Cedar Lake Ministries, located about an hour southeast of Chicago in northwestern Indiana, has roots reaching back over 100 years when Chicago’s Moody Church took over management of a railroad recreation destination on a large lake. The ministry at this retreat center continues to this day. The Center has a nice RV park that is open to the public and that is where we have been the past few days. The RV park offers FHU back in sites, some with 50 amp electric service. The sites aren’t especially deep, but there is adequate parking for extra vehicles. The bathhouse is nicely done and clean. Water spigots are on shared hookups between every other site, equally unhandy to those on both sides so extra water hose will likely be needed. WiFi was pretty good although we did get frequent drops requiring us to reconnect. The sites on the north side of the road in and out are most likely to be satellite friendly. While we were at the campground there was a Christian music concert that we were welcome to attend. We thought the music was pretty good. There is no direct lake access but it is just a short walk to the public portion of the retreat center where there are benches along the lake, affording us nice views. My Verizon signal was good. We give this retreat center campground two thumbs up and would happily return.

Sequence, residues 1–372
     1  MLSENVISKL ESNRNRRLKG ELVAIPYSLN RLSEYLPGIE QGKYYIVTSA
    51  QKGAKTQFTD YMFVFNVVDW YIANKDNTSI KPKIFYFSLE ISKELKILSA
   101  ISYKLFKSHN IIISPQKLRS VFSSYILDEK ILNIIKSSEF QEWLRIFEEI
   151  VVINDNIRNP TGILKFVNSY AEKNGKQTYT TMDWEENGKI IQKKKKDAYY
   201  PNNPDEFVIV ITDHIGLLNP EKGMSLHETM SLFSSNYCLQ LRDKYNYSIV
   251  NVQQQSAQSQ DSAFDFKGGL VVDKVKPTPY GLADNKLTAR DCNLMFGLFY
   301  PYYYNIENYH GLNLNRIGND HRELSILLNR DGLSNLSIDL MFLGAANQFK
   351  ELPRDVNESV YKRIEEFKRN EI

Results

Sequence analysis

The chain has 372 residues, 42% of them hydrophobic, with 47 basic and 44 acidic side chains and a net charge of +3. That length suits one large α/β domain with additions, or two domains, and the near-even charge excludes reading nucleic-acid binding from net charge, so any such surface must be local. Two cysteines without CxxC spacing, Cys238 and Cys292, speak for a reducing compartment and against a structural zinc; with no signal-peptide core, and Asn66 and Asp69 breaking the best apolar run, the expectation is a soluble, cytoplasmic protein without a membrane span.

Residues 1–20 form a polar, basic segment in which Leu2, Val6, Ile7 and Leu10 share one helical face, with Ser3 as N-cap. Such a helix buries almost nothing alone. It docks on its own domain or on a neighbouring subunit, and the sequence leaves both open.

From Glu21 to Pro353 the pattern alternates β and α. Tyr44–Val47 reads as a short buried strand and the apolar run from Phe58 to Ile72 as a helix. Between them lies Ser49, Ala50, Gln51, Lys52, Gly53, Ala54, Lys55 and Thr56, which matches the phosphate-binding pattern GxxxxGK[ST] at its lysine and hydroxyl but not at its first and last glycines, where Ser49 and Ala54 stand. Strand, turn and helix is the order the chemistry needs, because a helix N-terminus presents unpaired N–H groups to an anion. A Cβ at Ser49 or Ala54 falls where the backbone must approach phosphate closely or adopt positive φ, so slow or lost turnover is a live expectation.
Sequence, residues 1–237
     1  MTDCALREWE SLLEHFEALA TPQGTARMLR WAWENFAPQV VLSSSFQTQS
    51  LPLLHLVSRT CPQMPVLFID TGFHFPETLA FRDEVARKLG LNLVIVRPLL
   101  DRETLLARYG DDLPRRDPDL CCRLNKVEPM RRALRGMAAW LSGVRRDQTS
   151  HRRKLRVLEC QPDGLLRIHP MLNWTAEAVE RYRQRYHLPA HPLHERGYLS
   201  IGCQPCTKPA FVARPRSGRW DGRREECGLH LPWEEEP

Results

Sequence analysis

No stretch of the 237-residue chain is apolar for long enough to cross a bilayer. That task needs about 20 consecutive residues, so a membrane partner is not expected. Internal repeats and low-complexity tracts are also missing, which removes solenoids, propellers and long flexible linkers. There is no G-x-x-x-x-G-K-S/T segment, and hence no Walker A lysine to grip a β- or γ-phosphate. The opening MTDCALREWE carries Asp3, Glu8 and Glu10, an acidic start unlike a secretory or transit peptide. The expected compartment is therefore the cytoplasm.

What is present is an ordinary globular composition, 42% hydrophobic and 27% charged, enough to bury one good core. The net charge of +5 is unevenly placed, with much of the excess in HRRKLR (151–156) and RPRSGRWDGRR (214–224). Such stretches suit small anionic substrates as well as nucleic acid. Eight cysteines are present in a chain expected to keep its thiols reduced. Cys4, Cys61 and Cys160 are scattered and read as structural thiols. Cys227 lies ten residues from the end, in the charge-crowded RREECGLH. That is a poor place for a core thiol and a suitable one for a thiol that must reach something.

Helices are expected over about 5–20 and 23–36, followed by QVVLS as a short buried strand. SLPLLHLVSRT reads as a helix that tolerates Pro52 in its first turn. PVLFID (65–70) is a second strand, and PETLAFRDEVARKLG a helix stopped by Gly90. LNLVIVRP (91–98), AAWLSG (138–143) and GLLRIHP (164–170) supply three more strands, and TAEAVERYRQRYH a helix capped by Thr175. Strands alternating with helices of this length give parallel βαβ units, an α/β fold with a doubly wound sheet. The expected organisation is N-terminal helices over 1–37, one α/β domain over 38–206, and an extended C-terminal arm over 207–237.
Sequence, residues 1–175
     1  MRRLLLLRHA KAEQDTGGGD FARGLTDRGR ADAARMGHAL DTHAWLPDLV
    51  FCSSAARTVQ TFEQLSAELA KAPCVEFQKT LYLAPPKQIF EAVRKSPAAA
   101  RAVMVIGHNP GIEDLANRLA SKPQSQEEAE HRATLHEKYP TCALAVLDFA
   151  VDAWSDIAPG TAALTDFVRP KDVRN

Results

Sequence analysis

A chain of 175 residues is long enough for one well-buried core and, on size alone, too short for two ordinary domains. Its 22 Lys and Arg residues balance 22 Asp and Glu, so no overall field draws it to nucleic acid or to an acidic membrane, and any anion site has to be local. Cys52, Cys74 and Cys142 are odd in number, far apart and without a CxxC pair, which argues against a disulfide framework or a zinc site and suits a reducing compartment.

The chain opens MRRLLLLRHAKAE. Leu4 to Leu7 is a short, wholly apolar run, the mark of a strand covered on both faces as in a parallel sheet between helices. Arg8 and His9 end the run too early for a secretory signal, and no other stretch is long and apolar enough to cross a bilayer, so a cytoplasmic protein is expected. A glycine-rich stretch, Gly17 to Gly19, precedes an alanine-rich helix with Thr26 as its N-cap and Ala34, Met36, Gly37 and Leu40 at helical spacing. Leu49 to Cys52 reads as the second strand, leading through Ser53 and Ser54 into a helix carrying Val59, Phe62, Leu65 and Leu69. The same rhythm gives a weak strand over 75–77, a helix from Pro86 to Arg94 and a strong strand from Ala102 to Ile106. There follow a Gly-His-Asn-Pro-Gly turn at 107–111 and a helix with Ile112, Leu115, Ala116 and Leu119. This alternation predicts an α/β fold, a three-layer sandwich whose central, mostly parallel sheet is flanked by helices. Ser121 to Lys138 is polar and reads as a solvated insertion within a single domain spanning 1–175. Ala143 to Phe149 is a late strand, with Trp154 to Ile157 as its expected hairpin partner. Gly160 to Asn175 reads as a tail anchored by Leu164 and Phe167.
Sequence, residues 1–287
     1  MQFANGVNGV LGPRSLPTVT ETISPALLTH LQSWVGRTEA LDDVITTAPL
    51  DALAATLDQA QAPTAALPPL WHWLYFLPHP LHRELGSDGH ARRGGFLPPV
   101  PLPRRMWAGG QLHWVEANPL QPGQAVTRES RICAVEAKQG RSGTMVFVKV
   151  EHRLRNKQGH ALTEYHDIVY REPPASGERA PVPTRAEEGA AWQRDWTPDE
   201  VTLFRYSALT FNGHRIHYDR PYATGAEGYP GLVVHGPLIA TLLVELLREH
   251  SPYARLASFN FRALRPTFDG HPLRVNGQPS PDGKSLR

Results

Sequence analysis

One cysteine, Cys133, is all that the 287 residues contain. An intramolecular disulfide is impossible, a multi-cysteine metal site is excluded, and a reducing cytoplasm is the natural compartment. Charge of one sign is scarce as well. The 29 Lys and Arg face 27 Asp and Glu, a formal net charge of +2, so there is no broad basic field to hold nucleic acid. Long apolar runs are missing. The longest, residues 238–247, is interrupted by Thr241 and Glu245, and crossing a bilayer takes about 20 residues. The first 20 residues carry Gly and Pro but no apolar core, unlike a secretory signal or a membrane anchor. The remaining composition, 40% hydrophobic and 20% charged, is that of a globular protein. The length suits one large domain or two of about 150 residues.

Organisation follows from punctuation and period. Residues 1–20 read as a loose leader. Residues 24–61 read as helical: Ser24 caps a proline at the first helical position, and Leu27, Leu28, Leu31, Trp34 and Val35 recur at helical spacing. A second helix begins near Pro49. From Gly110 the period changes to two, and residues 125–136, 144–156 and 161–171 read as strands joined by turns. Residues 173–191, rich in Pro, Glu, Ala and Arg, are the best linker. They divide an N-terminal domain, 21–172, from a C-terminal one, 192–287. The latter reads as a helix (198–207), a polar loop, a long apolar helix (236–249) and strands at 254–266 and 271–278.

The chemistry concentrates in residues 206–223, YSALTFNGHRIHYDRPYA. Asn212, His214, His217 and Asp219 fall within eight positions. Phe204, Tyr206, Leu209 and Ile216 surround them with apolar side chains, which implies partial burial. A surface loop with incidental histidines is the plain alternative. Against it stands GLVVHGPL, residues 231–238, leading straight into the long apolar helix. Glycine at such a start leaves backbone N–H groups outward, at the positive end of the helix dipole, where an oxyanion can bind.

A lot of people are interested in being able to get on the Internet as they RV. While campgrounds may advertise the availability of WIFI your internet experience will be iffy at best. We’ve found decent WIFI to be the exception rather than the rule – although I will add that we’re seeing some improvements to campground WiFi, especially if it is a paid add-on. Often, though, places that advertise WIFI only provide it if you go to a specific location. At that point you’ll generally be competing with other RVers who are on the same Internet connect. Evenings and weekends can be brutal for even the most basic internet operations. If you want to do Netflix – sorry, but it will be practically impossible to do on WIFI at most of the campgrounds you visit. So, the bottom line on WIFI is this: for the occasional user; for the person who just wants to check email once a day – campground WIFI will probably be sufficient. Paid WiFi may be a bit better. For Facebook addicts, for people who like to surf the web, and especially for people who “need” internet for business or home schooling – you’ll often need a different solution. Many people get WIFI boosters to extend their reach to the campground WIFI (we have a WIFI Ranger). Just know this: reaching out farther to connect to a pitiful campground WIFI won’t make the connect speed any faster, it will only save your walking to the Activity center, etc. to access that same poor connection.